9.1.1. Procedures for All Implementations . . . . . . . . . . 46 8.2. Updating States . . . . . . . . . . . . . . . . . . . . . 49
9.1.1.1. ICE Restarts . . . . . . . . . . . . . . . . . . . 46 9. Subsequent Offer/Answer Exchanges . . . . . . . . . . . . . . 50
9.1.1.2. Removing a Media Stream . . . . . . . . . . . . . 47 9.1. Generating the Offer . . . . . . . . . . . . . . . . . . 51
9.1.1.3. Adding a Media Stream . . . . . . . . . . . . . . 47 9.1.1. Procedures for All Implementations . . . . . . . . . 51
9.1.2. Procedures for Full Implementations . . . . . . . . . 47 9.1.1.1. ICE Restarts . . . . . . . . . . . . . . . . . . 51
9.1.2.1. Existing Media Streams with ICE Running . . . . . 48 9.1.1.2. Removing a Media Stream . . . . . . . . . . . . . 52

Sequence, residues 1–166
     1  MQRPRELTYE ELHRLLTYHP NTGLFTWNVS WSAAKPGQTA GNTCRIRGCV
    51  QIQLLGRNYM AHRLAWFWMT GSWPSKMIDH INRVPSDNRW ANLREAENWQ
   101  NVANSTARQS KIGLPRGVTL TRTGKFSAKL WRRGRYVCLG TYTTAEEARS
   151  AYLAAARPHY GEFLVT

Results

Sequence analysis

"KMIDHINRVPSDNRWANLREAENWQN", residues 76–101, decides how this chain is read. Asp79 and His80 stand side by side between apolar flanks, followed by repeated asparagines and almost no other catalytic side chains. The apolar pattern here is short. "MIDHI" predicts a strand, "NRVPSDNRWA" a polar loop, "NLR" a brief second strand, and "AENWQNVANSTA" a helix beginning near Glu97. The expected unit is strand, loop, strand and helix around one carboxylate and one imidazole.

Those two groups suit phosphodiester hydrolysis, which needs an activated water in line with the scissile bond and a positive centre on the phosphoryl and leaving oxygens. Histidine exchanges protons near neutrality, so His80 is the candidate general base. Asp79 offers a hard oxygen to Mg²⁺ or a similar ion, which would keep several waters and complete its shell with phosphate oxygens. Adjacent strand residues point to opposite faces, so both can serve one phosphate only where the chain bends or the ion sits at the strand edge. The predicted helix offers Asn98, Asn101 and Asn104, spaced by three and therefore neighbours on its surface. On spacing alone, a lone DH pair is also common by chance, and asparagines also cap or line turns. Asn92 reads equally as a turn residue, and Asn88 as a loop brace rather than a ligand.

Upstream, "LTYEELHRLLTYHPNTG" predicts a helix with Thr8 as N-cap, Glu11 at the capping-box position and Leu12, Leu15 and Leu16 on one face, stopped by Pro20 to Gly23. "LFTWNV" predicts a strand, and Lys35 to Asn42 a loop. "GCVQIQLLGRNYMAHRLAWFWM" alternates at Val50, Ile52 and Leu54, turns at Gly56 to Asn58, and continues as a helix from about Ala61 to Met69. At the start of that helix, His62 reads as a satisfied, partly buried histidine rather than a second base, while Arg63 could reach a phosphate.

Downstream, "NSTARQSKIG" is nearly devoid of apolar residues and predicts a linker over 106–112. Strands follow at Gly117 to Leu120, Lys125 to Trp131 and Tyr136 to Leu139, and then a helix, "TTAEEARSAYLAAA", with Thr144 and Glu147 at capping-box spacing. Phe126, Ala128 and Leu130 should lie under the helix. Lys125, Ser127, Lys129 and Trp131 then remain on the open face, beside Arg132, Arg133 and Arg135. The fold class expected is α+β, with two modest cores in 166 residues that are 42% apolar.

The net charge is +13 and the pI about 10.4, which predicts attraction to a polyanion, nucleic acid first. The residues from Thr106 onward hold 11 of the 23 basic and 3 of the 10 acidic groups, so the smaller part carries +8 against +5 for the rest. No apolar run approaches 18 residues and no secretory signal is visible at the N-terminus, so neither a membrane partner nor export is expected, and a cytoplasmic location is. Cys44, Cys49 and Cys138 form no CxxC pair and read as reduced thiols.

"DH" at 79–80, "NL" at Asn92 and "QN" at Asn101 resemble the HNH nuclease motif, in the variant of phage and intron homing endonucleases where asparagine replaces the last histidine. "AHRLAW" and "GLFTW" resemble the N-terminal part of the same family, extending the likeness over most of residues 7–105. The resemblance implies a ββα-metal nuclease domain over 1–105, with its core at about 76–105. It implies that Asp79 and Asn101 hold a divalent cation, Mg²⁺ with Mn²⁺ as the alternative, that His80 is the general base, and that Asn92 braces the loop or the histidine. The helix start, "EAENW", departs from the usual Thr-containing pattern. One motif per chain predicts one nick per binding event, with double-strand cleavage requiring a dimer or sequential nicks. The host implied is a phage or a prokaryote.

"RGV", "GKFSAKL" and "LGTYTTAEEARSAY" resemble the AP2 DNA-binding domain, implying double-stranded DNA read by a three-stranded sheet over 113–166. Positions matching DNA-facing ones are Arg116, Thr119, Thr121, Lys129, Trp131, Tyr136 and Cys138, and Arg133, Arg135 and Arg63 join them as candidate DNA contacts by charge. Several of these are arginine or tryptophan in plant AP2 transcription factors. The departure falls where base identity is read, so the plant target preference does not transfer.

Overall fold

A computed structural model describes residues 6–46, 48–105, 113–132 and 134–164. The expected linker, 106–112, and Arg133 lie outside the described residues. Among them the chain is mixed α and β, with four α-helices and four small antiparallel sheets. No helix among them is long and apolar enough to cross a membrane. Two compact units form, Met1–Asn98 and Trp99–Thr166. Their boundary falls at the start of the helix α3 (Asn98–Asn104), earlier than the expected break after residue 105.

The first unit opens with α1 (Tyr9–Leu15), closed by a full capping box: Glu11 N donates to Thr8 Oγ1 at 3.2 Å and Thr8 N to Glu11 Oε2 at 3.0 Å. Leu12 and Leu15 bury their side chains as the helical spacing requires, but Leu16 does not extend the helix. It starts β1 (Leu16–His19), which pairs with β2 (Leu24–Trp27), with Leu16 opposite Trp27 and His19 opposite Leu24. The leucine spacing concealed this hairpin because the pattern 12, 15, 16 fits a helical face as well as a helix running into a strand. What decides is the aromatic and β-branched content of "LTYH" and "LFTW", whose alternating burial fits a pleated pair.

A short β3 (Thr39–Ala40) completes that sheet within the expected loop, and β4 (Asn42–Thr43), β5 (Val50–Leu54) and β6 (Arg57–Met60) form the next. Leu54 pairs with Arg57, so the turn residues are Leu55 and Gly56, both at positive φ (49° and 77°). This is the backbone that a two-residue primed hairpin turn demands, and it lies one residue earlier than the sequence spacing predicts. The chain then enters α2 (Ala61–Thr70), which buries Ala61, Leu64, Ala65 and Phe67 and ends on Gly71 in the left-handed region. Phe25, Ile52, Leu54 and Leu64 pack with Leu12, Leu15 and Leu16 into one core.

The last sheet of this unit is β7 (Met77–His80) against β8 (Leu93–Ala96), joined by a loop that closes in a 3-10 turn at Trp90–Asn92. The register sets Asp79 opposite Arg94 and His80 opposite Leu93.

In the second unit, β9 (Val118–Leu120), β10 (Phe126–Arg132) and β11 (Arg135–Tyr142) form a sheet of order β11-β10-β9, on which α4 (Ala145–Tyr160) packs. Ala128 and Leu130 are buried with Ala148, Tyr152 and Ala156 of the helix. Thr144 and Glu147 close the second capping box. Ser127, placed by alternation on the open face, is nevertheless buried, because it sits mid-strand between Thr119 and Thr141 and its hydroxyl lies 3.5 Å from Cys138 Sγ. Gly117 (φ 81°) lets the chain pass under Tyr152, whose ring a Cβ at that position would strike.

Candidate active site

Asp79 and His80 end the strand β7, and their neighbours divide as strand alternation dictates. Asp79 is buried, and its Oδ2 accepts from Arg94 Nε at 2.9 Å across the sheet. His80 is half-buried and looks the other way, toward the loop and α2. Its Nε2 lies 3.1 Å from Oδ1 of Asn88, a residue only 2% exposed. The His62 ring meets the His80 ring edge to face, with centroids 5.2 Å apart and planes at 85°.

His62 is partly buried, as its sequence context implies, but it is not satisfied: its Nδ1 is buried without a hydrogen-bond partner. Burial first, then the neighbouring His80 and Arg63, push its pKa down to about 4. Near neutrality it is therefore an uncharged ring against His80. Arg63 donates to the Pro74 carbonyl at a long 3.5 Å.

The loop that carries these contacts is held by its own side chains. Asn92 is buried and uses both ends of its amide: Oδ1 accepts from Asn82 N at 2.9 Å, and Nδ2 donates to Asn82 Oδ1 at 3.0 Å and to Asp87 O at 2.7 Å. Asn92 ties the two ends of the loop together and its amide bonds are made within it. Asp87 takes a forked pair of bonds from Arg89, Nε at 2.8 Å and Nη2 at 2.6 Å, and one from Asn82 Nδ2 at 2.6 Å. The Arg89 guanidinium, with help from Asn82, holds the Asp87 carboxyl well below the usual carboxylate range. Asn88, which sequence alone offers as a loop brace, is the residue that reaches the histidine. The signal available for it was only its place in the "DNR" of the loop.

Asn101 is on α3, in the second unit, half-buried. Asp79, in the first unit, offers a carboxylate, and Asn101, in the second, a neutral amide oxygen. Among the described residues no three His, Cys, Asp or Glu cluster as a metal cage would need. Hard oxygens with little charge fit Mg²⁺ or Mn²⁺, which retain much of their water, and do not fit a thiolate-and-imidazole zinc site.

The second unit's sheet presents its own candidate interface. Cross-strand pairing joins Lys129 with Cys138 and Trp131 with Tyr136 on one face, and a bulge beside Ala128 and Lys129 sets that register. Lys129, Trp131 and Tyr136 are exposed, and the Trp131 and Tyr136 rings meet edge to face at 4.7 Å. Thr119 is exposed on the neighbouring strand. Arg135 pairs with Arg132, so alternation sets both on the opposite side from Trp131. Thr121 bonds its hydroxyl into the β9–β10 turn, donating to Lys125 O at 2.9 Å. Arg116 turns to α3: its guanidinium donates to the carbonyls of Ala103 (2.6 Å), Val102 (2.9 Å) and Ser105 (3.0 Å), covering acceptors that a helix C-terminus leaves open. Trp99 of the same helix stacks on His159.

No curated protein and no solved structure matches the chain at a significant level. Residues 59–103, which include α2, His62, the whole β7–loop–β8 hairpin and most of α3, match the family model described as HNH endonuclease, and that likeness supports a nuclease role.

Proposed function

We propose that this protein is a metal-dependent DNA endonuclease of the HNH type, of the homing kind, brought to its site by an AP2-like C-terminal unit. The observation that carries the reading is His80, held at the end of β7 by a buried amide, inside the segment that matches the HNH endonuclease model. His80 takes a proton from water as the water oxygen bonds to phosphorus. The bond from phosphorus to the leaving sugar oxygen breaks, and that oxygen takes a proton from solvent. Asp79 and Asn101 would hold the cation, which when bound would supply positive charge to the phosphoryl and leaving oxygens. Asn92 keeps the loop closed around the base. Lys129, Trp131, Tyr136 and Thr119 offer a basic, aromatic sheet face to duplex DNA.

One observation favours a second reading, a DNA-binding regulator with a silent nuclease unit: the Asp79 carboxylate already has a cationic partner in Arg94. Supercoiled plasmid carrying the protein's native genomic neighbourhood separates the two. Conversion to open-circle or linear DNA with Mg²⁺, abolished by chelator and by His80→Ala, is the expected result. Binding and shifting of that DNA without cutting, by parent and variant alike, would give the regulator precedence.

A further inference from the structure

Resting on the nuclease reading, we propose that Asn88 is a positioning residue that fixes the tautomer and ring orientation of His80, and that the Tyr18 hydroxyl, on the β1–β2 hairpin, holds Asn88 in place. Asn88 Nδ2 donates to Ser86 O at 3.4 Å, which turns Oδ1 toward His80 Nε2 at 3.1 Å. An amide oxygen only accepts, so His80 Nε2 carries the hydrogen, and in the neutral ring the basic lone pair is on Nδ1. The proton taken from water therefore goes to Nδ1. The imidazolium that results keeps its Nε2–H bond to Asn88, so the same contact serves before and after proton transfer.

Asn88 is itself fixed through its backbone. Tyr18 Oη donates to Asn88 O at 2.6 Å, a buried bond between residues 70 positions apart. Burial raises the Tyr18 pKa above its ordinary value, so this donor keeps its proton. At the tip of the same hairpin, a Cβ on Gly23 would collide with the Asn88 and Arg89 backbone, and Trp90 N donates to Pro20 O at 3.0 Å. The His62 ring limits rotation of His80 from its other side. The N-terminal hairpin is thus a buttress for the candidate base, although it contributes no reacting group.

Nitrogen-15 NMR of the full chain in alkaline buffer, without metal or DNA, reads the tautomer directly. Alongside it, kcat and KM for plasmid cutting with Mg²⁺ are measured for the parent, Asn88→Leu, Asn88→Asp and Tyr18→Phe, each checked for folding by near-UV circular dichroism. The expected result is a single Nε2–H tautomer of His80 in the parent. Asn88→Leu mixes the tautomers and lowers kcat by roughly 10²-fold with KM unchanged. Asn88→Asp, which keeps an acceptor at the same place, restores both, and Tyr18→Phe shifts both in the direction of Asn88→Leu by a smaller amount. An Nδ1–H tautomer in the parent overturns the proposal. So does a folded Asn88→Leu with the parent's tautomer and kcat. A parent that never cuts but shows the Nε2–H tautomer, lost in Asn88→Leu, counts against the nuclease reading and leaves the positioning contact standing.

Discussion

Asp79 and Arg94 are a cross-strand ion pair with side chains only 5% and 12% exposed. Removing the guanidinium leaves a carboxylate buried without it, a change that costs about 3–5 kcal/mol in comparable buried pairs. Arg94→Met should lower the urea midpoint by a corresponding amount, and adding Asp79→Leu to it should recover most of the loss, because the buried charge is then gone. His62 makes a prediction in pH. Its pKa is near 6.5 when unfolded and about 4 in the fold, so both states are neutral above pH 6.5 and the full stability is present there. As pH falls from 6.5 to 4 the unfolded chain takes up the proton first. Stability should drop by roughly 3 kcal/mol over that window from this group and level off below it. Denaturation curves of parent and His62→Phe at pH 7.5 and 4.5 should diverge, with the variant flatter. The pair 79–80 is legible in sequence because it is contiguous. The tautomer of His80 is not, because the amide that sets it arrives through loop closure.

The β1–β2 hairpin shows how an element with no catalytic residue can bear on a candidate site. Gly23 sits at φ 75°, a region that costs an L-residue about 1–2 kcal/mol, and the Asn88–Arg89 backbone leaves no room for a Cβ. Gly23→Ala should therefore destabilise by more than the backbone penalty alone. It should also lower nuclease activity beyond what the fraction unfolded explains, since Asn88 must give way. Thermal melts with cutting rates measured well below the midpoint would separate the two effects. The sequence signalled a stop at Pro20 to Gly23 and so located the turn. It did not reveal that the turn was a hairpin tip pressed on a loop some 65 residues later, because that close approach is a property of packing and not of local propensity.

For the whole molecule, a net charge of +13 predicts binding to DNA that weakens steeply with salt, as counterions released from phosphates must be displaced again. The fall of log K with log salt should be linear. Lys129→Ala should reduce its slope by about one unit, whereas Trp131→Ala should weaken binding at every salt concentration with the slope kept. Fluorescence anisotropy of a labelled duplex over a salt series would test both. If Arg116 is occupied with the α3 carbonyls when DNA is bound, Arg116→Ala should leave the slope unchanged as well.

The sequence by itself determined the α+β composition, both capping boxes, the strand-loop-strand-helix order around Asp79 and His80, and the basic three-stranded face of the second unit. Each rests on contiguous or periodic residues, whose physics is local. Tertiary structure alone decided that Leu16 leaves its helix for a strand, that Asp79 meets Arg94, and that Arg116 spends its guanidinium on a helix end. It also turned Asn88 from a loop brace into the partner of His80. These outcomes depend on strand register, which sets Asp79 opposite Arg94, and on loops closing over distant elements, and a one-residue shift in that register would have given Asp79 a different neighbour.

9.1.2.2. Existing Media Streams with ICE Completed . . . . 48 9.1.1.3. Adding a Media Stream . . . . . . . . . . . . . . 52
9.1.3. Procedures for Lite Implementations . . . . . . . . . 49 9.1.2. Procedures for Full Implementations . . . . . . . . . 52
9.2. Receiving the Offer and Generating an Answer . . . . . . . 49 9.1.2.1. Existing Media Streams with ICE Running . . . . . 52
9.2.1. Procedures for All Implementations . . . . . . . . . . 49 9.1.2.2. Existing Media Streams with ICE Completed . . . . 53
9.2.1.1. Detecting ICE Restart . . . . . . . . . . . . . . 49 9.1.3. Procedures for Lite Implementations . . . . . . . . . 53
9.2.1.2. New Media Stream . . . . . . . . . . . . . . . . . 50 9.2. Receiving the Offer and Generating an Answer . . . . . . 53